Deciding to go to back to college to pursue an advanced degree can be as much a financial consideration as it can be a practical one. You'll probably take on some debt. But debt accumulation doesn't necessarily equate to reckless decision-making. On the contrary, it could be a critically important step to set yourself on a successful path forward, even though you may feel some anxiety start to build.

Individuals with a master’s or doctoral degree earn $20,000 to $30,000 more a year than those who hold similar positions but only have an undergraduate degree, according to the U.S. Labor Department[1]. It's no wonder people feel more pressure than ever to pursue higher education and are willing to accumulate debt to do so. Although you may be feeling some financial anxiety when exploring education options, having a financial plan for going back to school and setting smart goals could help ease those feelings.

So how do you do this? Here are some tips to get you started:


Tip 1: Pick a Graduate School You Can Afford

Just because a school may be more expensive than another doesn't always mean it has a better ranked program for your field of study. It depends on what your objectives are for your degree. For example, adjunct professors who want to attain a full-time teaching position at the college level typically need a doctoral degree. But it doesn’t have to come from a specific school, especially if the person has already established a working relationship with a college or university. So, it’s not a bad idea to take a broad look at the programs available to you both in-person and online and consider a more cost-effective option.


Tip 2: Negotiate an Educational Stipend with Your Employer

The professional degree you want can help benefit your future, and in many cases, the company you’re already working for. After all, your new education could be used to help your company do things better than it does today. Assuming you don’t plan to shift careers and leave your job, it’s not uncommon for people to negotiate with an employer to pay for some school expenses, like tuition, as part of their compensation packages. If your company doesn’t already have a tuition reimbursement program, you could consider starting the discussion. If you really like where you work, it’s even an option to agree to work for the employer for a set number of years before your tuition reimbursements fully vest.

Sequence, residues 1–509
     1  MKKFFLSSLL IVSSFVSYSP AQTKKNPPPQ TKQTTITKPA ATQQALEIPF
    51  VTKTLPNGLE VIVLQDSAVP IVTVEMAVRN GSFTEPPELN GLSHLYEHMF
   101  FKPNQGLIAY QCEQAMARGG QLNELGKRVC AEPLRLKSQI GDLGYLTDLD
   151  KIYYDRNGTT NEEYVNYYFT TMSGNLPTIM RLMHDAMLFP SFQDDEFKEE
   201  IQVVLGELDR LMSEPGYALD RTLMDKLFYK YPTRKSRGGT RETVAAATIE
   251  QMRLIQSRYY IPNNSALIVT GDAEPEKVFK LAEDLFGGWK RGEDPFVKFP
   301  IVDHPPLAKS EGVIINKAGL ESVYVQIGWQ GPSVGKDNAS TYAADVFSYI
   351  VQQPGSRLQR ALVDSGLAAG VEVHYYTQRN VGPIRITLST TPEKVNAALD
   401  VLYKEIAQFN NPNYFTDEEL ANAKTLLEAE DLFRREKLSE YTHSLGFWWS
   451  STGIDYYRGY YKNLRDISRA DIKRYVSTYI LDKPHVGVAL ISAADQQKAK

Tip 3: Evaluate Loan Options Carefully

If you decide to apply for loans or use credit cards to help pay for an advanced degree, try to avoid interest rates that may be too high for your financial situation. If you're worried about running out of federal aid and your salary isn't enough to cover the expense of school, look for other low-interest aid options or consider private loans for graduate or professional students since these loans are designed to meet the financial demands of funding an advanced degree. Also, in addition to evaluating your options for interest rates and payback schedules, remember to consider possible application or origination fees.


Tip 4: Set Up Separate Checking and Savings Accounts

Keep separate accounts just for school savings and expenses. You may have a lot of money coming in and out of personal accounts, so it will be difficult to keep a close eye on how new school expenses are impacting your balances. If you keep these separate, it will help you compartmentalize school expenses and formulate a plan that you are comfortable executing.  


Paying for graduate school can make anyone anxious, but it can also be an incredible way to move yourself into a new career or a new opportunity. It’s never too late to return to school. And if you follow these tips, you may be able to do it efficiently and cost effectively.